An airbrush is a painting tool that ejects a fine mist of paint onto your chosen medium. Cartoons on T-shirts, detailed designs on motorcycles, works of art on a canvass and everything in between can be done with an airbrush. A little practice and a few tips will put you on the road to airbrush painting no matter what surface you are painting or what type of paint you are using. Technique can be refined as you practice, but, as with any tool, proper use starts with the basics.
Things You'll Need
- Empty, Plastic 1-Ounce Bottle
- Drop Cloth
- Plywood (4 Feet By 8 Feet By ¼ Inch)
- Acrylic Paint
- Dust Mask
- Safety Glasses
- Paper Towels
- Razor Knife
- Painter’S Tape
Pour half an ounce of paint into the empty plastic bottle. Add one-quarter ounce of water to the paint and twist the lid onto the bottle. Shake the bottle to mix the ingredients.
Lay out your drop cloth. Lay the plywood onto the drop cloth. Maneuver the plywood so that one of the long sides of the board is parallel to the wall, with 18 inches of separation between the wood and the wall. Lift the side of the plywood that is farthest from the wall. Stand the plywood up and lean it against the wall.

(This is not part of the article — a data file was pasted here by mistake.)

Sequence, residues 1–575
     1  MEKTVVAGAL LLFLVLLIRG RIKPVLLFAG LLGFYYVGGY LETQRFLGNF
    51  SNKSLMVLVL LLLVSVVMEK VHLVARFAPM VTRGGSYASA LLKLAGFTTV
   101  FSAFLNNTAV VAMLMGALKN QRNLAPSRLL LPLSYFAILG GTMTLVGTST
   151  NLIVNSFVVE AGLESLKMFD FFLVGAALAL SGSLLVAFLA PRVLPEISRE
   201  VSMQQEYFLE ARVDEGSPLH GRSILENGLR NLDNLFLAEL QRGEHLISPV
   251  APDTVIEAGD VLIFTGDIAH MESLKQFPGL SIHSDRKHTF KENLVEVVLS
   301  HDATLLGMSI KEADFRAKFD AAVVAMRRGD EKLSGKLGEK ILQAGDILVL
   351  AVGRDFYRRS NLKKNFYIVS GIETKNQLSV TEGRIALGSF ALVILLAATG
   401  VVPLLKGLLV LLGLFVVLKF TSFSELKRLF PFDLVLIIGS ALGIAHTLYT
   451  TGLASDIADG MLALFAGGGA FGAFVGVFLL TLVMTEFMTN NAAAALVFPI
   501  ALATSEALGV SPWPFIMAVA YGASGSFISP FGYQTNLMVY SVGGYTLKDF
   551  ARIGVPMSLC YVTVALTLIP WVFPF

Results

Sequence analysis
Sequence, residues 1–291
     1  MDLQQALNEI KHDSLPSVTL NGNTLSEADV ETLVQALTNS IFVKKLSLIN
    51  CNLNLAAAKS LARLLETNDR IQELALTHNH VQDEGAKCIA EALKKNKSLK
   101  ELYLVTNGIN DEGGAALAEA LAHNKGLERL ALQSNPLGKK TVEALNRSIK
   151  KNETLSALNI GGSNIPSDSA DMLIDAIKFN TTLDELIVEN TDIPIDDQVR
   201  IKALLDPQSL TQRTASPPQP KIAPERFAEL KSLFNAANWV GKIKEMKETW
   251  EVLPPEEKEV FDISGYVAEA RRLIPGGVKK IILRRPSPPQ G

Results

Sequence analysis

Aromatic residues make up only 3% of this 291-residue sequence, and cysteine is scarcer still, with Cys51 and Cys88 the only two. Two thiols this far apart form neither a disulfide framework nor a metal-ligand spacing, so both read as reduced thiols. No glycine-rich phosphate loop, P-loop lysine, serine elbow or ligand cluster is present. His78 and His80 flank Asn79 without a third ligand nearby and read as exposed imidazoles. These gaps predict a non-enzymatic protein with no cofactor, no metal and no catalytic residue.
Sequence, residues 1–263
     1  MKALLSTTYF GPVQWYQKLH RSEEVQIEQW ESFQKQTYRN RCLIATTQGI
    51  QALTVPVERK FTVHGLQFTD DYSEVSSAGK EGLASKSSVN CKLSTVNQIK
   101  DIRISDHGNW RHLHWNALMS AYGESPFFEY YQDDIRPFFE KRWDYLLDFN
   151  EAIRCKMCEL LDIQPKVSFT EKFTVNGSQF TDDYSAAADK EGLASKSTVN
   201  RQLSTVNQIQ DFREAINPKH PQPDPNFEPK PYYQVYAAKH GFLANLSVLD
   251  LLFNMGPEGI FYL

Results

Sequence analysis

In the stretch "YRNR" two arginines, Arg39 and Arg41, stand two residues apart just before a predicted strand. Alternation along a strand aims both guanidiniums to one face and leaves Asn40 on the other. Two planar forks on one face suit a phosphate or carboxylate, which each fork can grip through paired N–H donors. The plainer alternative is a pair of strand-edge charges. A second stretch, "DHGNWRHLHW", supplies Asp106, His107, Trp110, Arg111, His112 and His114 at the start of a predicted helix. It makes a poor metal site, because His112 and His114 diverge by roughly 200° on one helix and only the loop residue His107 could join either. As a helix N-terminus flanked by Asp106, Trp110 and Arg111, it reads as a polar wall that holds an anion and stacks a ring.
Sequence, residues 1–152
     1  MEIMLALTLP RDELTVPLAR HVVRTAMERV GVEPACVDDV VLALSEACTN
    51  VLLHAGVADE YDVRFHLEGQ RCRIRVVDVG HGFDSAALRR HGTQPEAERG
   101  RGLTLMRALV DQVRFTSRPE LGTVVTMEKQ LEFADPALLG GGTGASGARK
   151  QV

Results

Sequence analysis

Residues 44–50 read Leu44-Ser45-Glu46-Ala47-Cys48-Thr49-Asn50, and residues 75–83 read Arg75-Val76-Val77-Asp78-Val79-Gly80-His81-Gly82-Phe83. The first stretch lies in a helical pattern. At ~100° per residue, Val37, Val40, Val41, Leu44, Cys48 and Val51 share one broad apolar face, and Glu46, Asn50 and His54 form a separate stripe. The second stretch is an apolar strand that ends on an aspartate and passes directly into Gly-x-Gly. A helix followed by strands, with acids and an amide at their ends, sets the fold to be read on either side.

Assemble your airbrush according to the manufacturer’s instructions. Shake the bottle of water and paint to mix well. Fill the reservoir cup of your airbrush three-quarters full with the thinned paint from your mix bottle.
Set your mixture bottle aside, keeping it close by to refill your airbrush as needed. Refill your airbrush when the reservoir is one-quarter full.
Outline your pattern by placing strips of painter’s tape onto the plywood. Trim the tape with your razor knife to achieve the desired shape. Practice painting on the plywood with your airbrush. Use long, smooth strokes following the long axis of your pattern. Press the trigger 3 inches before your pattern begins to ensure proper paint coverage. Remove the tape from your pattern while the paint is still wet. Allow the paint to dry for two hours before shading or continuing with a new color.
Clean your airbrush by filling it with clean water and squirting the paint into a bucket. Continue refilling and shooting water through the tool until the water runs clear. Disassemble the airbrush and wipe each piece with a wet paper towel. Dry each piece with a paper towel and reassemble the airbrush for storage.
Always wear safety glasses and a dust mask when using an airbrush to protect your eyes and lungs from injury.
After learning electronics in the U.S. Navy in the 1980s, Danny Donahue spent a lifetime in the construction industry. He has worked with some of the finest construction talent in the Southeastern United States. Donahue has been a freelance writer since 2008, focusing his efforts on his beloved construction projects.